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Title: Memorial Day
Source: LZ Memories BBS - "Always Green Smoke!"
URL Source: [None]
Published: May 24, 2020
Author: LZ Memories BBS - "Always Green Smoke!"
Post Date: 2020-05-24 16:58:46 by boonie rat
Keywords: None
Views: 404
Comments: 2

Memorial Day

Memorial Day is their day, isn't it? It is supposed to be the day a grateful nation pauses to quietly thank the more than one million men and women who have died in military service to their country since the Revolutionary War.

Or is it the day the beach resorts kick into high gear for the summer season, the day the strand is covered by fish-belly white people basting themselves in coconut oil, the day the off-season rates end and the weekend you can't get in a seaside seafood restaurant with anything less than a one hour wait.

Or is is one of the biggest shopping center sales days of the year, a day when hunting for a parking space is the prime sport for the holiday stay-at-homers?

Or is it the weekend when more people will kill themselves on the highways than any other weekend and Highway Patrol troopers work overtime picking up the pieces?

I think the men and women who died for us would understand what we do with their day. I hope they would, because if they wouldn't, if they would have insisted that it be a somber, respectful day of remembrance, then we have blown it and dishonored their sacrifice.

I knew some of those who died, and the guys I knew would have understood.

They liked a sunny beach and a cold beer and a hot babe in a black bikini, too. They would have enjoyed packing the kids, the inflatable rafts, the coolers, and the suntan lotion in the car and heading for the lake. They would have enjoyed staying at home and cutting the grass and getting together with some friends and cooking some steaks on the grill, too.

But they didn't get the chance. They blew up in the Marine Barracks in Beirut and died in the oily waters of the Persian Gulf. They caught theirs at the airstrip in Grenada in the little war everyone laughed at. They bought the farm in the Ia Drang Valley and on Heartbreak Ridge, Phu Bai and at Hue. They froze at the Chosin Reservoir and were shot at the Pusan Perimeter. They drowned in the surf at Omaha Beach or fell in the fetid jungles of Guadalcanal. They were at the Soame and at San Juan Hill and at Gettysburg and at Cerro Gordo and at Valley Forge.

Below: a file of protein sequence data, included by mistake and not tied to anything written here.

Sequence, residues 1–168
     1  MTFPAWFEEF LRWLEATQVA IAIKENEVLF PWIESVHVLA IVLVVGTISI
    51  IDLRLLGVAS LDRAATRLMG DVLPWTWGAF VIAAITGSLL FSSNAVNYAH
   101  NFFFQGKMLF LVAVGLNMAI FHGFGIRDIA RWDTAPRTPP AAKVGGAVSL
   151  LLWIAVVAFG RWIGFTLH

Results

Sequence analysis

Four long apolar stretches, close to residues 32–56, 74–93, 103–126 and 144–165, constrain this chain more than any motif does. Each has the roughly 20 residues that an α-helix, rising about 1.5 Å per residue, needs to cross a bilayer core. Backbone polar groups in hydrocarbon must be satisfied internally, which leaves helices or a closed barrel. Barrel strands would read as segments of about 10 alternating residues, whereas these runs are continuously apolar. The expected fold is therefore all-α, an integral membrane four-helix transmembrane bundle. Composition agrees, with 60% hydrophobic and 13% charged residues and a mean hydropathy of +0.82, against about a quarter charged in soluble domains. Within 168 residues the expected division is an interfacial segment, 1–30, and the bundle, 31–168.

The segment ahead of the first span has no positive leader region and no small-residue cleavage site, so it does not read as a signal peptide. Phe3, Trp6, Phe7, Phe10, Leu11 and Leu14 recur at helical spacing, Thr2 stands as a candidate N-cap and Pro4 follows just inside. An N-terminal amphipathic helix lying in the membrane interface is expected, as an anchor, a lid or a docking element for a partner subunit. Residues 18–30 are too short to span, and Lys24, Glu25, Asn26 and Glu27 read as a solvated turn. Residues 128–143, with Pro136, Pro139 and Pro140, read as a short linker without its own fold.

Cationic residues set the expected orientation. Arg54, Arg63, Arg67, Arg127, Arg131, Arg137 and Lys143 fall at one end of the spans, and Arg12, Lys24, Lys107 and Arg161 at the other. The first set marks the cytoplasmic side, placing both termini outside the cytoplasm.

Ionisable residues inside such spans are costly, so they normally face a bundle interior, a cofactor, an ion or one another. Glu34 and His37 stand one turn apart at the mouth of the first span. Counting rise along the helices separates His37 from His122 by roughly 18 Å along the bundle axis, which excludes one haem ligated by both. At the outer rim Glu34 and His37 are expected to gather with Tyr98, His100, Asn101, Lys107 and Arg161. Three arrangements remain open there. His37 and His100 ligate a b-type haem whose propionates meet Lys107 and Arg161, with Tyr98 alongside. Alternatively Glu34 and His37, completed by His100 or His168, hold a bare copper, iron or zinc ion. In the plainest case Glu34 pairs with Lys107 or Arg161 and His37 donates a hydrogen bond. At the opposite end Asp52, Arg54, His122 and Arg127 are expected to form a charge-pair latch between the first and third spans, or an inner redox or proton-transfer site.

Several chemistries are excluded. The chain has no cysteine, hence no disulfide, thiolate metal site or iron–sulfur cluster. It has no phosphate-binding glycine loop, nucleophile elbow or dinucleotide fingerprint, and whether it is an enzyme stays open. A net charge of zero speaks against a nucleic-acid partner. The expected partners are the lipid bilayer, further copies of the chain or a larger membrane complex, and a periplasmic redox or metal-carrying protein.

They couldn't be here with us this weekend, but I think they would understand that we don't spend the day in tears and heart-wrenching memorials. They wouldn't want that. Grief is not why they died. They died so we could go fishing. They died so another father could hold his laughing little girl over the waves. They died so another father could toss a baseball to his son in their backyard while the charcoal is getting white. They died so another buddy could drink a beer on his day off. They died so a family could get in the station wagon and go shopping and maybe get some ice cream on the way home.

They won't mind that we have chosen their day to have our first big outdoor party of the year. But they wouldn't mind, either, if we took just a second and thought about them.

Some will think of them formally, of course. Wreaths will be laid in small, sparsely attended ceremonies in military cemeteries and at monuments at state capitols and in small town's squares. Flags will fly over the graves, patriotic words will be spoken and a few people there will probably feel a little anger that no more people showed up. They'll think no one else remembers.

But we do remember. We remember Smitty and Chico and Davey and the guys who died. We remember the deal we made: If we buy it, we said, drink a beer for me.